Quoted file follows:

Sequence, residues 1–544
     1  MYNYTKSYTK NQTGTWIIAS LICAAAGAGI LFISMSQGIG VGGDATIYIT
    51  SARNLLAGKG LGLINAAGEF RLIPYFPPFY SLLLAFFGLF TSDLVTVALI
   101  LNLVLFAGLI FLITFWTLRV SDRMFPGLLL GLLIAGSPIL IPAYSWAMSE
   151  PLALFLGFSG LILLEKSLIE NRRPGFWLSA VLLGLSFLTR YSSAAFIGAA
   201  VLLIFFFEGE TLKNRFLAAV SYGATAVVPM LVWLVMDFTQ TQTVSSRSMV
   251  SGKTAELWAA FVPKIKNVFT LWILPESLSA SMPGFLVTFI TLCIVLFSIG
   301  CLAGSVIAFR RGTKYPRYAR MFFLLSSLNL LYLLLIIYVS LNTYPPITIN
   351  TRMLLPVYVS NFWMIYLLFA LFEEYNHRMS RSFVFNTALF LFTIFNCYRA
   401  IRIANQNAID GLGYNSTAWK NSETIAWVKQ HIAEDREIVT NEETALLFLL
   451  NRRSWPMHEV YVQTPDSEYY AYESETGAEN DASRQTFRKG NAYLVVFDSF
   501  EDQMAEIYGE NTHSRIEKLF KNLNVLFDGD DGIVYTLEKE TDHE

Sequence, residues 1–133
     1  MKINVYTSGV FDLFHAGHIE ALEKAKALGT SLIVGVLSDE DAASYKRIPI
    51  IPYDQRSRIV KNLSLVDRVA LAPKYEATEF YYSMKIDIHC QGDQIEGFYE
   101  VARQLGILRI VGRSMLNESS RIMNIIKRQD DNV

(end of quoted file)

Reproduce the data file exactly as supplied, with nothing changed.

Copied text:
Sequence, residues 1–544
     1  MYNYTKSYTK NQTGTWIIAS LICAAAGAGI LFISMSQGIG VGGDATIYIT
    51  SARNLLAGKG LGLINAAGEF RLIPYFPPFY SLLLAFFGLF TSDLVTVALI
   101  LNLVLFAGLI FLITFWTLRV SDRMFPGLLL GLLIAGSPIL IPAYSWAMSE
   151  PLALFLGFSG LILLEKSLIE NRRPGFWLSA VLLGLSFLTR YSSAAFIGAA
   201  VLLIFFFEGE TLKNRFLAAV SYGATAVVPM LVWLVMDFTQ TQTVSSRSMV
   251  SGKTAELWAA FVPKIKNVFT LWILPESLSA SMPGFLVTFI TLCIVLFSIG
   301  CLAGSVIAFR RGTKYPRYAR MFFLLSSLNL LYLLLIIYVS LNTYPPITIN
   351  TRMLLPVYVS NFWMIYLLFA LFEEYNHRMS RSFVFNTALF LFTIFNCYRA
   401  IRIANQNAID GLGYNSTAWK NSETIAWVKQ HIAEDREIVT NEETALLFLL
   451  NRRSWPMHEV YVQTPDSEYY AYESETGAEN DASRQTFRKG NAYLVVFDSF
   501  EDQMAEIYGE NTHSRIEKLF KNLNVLFDGD DGIVYTLEKE TDHE

Sequence, residues 1–133
     1  MKINVYTSGV FDLFHAGHIE ALEKAKALGT SLIVGVLSDE DAASYKRIPI
    51  IPYDQRSRIV KNLSLVDRVA LAPKYEATEF YYSMKIDIHC QGDQIEGFYE
   101  VARQLGILRI VGRSMLNESS RIMNIIKRQD DNV